Congress is considering supporting tribal buffalo recovery

A bipartisan bill proposed Friday would require the Interior Department to create a permanent program to support ongoing efforts by tribal governments to restore wild bison herds.

The bill proposed by Sens. Martin Heinrich (D-N.M.) and Markwayne Mullin (R-Oka.) would be an important step toward addressing one of America’s most glaring conservation failures.

The program would provide $14 million annually for efforts to transport wild buffalo from federal public lands to tribal reservations. It would also offer grants and technical assistance to support tribal efforts to expand buffalo habitat.

“Bison has been an important part of our culture for many generations, in New Mexico, throughout the West and especially in Indian Country,” Heinrich said in a statement. “The growth of tribal buffalo herds in recent decades is both a symbol of the continued resilience of this iconic species and a major opportunity for economic development…I hope that in my lifetime, thanks to a broad coalition, we will see the return of the bison “the prominent place they once occupied as a keystone species in the American shortgrass prairies.”

Leaders of the Inter-Tribal Buffalo Council, an 82-member coalition that advocates for the return of wild bison to tribal lands, welcomed the bill.

“It is simply impossible to overstate both the importance of the buffalo to the Indian people and the damage caused when the buffalo were driven to near extinction,” ITBC President Ervin Carlson said in a statement. “By helping tribes restore buffalo herds on our reservation lands, Congress will help us reconnect with a cornerstone of our historic culture and provide jobs and an important source of protein that our people truly need.”

This is the third time the bill has been introduced in Congress. Former Rep. Don Young (R-Alaska), who died last year, first proposed a version of the law in 2019.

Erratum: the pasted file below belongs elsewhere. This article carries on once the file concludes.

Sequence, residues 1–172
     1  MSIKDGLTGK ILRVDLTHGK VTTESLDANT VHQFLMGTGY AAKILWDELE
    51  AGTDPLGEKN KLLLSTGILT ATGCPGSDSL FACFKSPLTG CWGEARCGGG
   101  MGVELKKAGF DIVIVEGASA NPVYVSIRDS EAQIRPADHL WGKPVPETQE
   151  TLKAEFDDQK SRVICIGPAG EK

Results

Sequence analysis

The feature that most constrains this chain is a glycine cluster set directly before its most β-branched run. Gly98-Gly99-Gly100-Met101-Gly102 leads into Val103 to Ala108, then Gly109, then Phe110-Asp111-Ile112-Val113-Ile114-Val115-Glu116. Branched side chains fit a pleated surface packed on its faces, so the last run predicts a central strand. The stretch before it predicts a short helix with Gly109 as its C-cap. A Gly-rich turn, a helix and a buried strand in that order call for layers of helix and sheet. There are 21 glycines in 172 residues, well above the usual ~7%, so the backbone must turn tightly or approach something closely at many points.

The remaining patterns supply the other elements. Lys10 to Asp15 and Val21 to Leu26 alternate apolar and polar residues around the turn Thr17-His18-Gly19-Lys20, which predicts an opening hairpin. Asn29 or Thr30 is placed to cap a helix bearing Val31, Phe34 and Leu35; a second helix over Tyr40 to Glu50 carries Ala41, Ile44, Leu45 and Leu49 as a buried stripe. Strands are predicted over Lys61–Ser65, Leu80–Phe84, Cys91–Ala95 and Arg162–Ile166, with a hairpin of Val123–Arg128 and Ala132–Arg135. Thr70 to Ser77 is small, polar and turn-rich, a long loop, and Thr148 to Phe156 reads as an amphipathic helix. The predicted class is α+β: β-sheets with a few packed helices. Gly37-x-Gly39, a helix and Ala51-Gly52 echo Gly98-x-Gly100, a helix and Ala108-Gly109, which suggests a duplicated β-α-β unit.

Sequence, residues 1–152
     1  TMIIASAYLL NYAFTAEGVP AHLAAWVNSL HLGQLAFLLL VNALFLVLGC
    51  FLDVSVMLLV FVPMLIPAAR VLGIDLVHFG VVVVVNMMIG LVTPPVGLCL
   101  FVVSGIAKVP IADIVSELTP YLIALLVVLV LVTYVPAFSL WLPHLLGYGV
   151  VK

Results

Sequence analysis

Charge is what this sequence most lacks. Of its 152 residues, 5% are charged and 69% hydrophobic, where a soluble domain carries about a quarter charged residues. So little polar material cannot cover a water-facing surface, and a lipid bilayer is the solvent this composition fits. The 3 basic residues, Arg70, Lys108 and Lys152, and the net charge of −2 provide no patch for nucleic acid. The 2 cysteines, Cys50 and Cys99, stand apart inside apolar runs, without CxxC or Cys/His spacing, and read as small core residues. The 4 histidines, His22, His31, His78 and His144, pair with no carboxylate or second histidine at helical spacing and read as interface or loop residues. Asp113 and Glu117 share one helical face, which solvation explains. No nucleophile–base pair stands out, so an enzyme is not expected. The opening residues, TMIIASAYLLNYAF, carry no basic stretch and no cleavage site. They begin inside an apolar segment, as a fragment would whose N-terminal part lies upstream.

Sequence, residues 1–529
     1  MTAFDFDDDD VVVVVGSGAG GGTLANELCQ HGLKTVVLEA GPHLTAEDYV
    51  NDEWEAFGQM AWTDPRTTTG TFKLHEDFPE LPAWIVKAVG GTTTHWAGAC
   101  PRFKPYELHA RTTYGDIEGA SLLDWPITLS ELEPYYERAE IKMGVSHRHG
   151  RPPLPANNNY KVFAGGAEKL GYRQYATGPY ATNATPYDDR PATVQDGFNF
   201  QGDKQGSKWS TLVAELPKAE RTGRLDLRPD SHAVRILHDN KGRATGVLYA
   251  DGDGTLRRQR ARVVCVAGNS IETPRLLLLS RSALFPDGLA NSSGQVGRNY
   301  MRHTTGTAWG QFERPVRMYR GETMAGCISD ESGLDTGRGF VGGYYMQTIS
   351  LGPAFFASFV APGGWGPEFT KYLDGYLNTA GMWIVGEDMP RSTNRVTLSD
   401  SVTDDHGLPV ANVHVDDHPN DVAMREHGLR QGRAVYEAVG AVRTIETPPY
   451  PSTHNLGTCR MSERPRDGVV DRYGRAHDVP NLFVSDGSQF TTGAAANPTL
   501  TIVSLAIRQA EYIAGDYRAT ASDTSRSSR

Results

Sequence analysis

Bison graze on a Cherokee Nation ranch in northeastern Oklahoma on September 27, 2022.
Bison graze on a Cherokee Nation ranch in northeastern Oklahoma on September 27, 2022.

Audrey Jackson/Associated Press

Over the past three decades, tribal governments have increasingly sought to reintroduce wild herds onto reservation lands, often working with Yellowstone National Park to transport animals that would otherwise be culled by federal officials.

For tribes that historically lived alongside wild buffalo, the animal’s return has launched a unique movement that combines social justice, cultural restoration and wildlife protection.

In July, the Blackfeet Nation won the historic step of releasing wild bison on tribal land, where they will almost certainly hike toward Glacier National Park, laying the foundation for one of these hikes most far-reaching buffalo restoration efforts over decades.

But the attempt to bring buffalo back into the tribal area also faces major obstacles.

The Yellowstone buffalo population has a high incidence of brucellosis, a bacterial disease that causes miscarriages and hinders weight gain. Relocating the animals or expanding their range often faces strong opposition from ranchers, a major political force in this country western states like Montanawho fear the disease could spread to cattle.

Most reservations also lack the land base to rebuild large herds — largely a result of federal land privatization policies dating back to the Dawes Act of 1887. The law introduced a homeland-like system on tribes called “allotments,” then opened unallocated tribal lands to white settlers.

Given this heritage, expanding buffalo habitat often requires purchasing new land or working with ranchers to eliminate cattle grazing rights.

It is estimated that before European colonization, North America’s wild buffalo herds numbered 30 to 60 million animals. Today, fewer than half a million remain, the vast majority of them living on commercial ranches. Only over There are 20,000 bison left today in wild conservation herds.

“Buffalo are as ubiquitous on the land as the indigenous peoples who have lived here for thousands of years,” ITBC board member Jason Baldes said in a statement. “The species is necessary not only to heal the land, but also to revitalize and protect our culture and maintain connections to our ancestral heritage.”

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